You are walking alone in a dark forest, hiding the stolen papers under your sweater, taking delicate steps in order to avoid making any noise so that they will not hear you as you sneak between the river and their base camp, a mere 50 feet away. In the darkness, your movement is achingly slow, but you know that going slowly will be the best form of protection that you can give yourself and the important papers you are carrying. As you start to head away from their camp…CRASH!
Your cat just knocked your water glass off the table in the next room.
Wait, I’m not in the dark forest on a top secret and urgent mission..? No. I’m just sitting here in my sweats on the couch, reading about it. It’s not me. Darn it.
After you get over the shock of being forcibly thrown back into reality by your pesky cat, you begin to reflect on how amazing it is that you actually felt like the character in your book. Your heart was racing, your breathing was hushed, and you weren’t even conscious of the fact that all you were actually doing was moving your eyes back and forth on a page really fast.
Our minds are absolutely incredible for giving us the ability to completely forget our real lives and to become so absorbed into a story that we think that we are a real part of it. You know that you have found a gem of a book when this happens to you. If we, as readers, are not careful, this could also be dangerous. It is a treat to be able to be transported, but if this happens to us often, then we risk being too caught up in the story that we forget that we are the main character in our own stories, and that we need to live out our own lives.
This can happen especially when reading a series, because you are constantly involved with the same characters, and you get to know them over an extended period of time. You get pulled in deeper and deeper into the world of the book, and once you put it down, your life does not seem that great. You’d much rather live in the book, right? I definitely went through a brief phase where I really wanted to go to Hogwarts.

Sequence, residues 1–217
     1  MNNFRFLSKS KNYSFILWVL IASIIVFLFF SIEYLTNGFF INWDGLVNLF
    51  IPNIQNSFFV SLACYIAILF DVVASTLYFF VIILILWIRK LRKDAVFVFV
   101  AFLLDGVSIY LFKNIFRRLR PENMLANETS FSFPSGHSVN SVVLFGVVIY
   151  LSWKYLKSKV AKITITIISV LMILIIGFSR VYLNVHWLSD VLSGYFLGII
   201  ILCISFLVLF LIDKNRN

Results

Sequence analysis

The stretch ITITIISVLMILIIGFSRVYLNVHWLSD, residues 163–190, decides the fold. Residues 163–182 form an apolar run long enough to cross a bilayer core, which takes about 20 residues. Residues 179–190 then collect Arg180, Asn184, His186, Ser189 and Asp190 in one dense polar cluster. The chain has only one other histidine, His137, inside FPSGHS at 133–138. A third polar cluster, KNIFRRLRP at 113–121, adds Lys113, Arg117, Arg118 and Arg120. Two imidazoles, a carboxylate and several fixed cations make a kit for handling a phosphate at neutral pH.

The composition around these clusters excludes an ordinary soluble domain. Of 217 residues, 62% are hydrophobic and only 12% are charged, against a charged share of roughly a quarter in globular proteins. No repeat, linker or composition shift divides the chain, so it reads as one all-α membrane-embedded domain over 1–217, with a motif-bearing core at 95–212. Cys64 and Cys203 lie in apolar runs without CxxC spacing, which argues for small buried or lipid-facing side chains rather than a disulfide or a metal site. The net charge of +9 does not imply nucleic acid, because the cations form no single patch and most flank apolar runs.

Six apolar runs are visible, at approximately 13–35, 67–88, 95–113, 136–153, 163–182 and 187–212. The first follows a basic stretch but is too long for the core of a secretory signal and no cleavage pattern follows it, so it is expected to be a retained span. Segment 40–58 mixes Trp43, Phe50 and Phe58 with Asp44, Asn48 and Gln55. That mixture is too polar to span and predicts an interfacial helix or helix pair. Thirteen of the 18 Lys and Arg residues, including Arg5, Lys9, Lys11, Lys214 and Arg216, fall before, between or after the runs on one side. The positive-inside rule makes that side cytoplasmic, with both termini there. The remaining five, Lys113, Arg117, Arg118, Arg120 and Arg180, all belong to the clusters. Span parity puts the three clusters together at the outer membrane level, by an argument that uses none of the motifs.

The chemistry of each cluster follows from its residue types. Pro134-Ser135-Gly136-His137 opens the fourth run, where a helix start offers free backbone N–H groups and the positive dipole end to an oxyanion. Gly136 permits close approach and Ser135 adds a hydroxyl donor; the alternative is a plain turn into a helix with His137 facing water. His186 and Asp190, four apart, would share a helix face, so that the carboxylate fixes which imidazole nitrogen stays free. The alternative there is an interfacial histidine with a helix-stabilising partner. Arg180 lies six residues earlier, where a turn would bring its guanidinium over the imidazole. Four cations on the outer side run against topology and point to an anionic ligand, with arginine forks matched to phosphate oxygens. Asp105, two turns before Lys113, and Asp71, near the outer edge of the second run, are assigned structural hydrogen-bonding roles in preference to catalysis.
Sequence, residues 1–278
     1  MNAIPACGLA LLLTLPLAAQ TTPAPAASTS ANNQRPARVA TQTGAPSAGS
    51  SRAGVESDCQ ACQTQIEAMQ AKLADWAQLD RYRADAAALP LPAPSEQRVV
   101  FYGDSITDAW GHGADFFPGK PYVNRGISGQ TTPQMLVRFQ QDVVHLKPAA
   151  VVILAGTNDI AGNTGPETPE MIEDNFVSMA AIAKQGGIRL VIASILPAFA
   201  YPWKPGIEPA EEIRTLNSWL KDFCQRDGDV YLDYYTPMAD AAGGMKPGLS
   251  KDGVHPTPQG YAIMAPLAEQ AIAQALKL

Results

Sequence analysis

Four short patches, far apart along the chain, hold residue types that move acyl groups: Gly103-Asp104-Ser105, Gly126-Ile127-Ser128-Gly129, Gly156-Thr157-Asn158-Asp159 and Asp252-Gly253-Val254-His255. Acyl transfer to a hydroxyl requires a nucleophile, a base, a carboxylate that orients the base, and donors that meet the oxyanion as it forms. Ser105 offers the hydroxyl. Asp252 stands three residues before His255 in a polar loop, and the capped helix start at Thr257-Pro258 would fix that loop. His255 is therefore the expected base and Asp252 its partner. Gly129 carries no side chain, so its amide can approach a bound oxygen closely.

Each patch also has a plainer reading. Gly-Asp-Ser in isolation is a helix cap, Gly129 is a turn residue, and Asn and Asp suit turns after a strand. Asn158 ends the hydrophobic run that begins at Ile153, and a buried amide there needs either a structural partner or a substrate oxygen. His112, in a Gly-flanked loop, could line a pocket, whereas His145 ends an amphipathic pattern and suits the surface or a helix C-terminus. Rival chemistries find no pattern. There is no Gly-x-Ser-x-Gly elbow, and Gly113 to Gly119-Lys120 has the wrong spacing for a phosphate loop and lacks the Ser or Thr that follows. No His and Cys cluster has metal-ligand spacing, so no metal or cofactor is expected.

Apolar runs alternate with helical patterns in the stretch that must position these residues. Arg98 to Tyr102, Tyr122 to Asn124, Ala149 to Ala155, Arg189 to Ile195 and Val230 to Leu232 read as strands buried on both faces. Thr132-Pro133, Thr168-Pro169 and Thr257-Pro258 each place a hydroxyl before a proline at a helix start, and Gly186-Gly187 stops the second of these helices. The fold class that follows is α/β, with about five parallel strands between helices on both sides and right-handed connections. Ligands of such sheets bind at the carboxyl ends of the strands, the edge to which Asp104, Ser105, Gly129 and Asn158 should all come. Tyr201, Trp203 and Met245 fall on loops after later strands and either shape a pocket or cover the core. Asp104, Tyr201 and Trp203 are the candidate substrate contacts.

I loved that the Harry Potter series had the ability to carry me away, but it is also that same ability that can really cause problems for those of us who whole heartedly invest in stories. When reading Harry Potter and the Goblet of Fire, I walked around angry for a week, because everyone at Hogwarts was mad at Harry for no real reason. It wasn’t because anything in my life had caused this, but because fictional characters were being mean to another fictional character. That is a problem.
Allowing yourself to carry your story over into your real life can cause ‘reader’s depression’ as I like to call it. Your reality is skewed, and it will never live up to the perfectly crafted, more romantic, exciting, or fun world that an author has created. Usually, novels are not supposed to reflect day-to-day life, so it is ridiculous to expect them to.
If you find yourself falling into this frame of mind, close the book and take a deep breath. Look around you and realize how awesome your life is; stop and appreciate what you do have and everything you have done, and be thankful for that. Then, after this refreshing dose of reality, go on to read to your hearts content.
Breaking from reality to become enveloped into a great story is often an excellent way to learn, relax, and be entertained, but to not break from the story when you eventually step back into reality can be a challenge.
You should treasure the times that books can pull you so far into their pages that it seems real, but when it’s time to put the book down, pull yourself back out into the world.
That is, until next time.
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